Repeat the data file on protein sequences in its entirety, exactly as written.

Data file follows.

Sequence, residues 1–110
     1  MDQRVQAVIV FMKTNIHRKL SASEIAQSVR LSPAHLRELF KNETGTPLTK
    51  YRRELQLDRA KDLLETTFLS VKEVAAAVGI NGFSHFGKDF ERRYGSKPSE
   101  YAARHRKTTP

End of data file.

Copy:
Sequence, residues 1–110
     1  MDQRVQAVIV FMKTNIHRKL SASEIAQSVR LSPAHLRELF KNETGTPLTK
    51  YRRELQLDRA KDLLETTFLS VKEVAAAVGI NGFSHFGKDF ERRYGSKPSE
   101  YAARHRKTTP